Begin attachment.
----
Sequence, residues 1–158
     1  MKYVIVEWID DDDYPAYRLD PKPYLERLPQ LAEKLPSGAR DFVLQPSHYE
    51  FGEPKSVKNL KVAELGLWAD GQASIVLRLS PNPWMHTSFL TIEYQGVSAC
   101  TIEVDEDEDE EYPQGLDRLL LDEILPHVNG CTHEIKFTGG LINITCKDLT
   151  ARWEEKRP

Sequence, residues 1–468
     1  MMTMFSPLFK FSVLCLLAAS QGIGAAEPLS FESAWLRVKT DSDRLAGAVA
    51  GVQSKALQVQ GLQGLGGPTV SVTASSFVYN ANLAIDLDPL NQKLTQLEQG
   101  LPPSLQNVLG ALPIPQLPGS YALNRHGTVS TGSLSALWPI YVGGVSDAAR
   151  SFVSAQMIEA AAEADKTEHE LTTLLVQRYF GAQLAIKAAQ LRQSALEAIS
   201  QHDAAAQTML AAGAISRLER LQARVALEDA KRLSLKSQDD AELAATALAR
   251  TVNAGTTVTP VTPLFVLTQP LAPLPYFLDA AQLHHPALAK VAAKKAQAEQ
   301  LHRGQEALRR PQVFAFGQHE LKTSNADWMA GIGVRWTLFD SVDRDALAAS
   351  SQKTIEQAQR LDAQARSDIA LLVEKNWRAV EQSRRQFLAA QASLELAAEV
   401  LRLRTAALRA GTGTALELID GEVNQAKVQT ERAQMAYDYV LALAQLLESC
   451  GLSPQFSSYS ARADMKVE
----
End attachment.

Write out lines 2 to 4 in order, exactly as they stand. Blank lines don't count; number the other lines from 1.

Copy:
     1  MKYVIVEWID DDDYPAYRLD PKPYLERLPQ LAEKLPSGAR DFVLQPSHYE
    51  FGEPKSVKNL KVAELGLWAD GQASIVLRLS PNPWMHTSFL TIEYQGVSAC
   101  TIEVDEDEDE EYPQGLDRLL LDEILPHVNG CTHEIKFTGG LINITCKDLT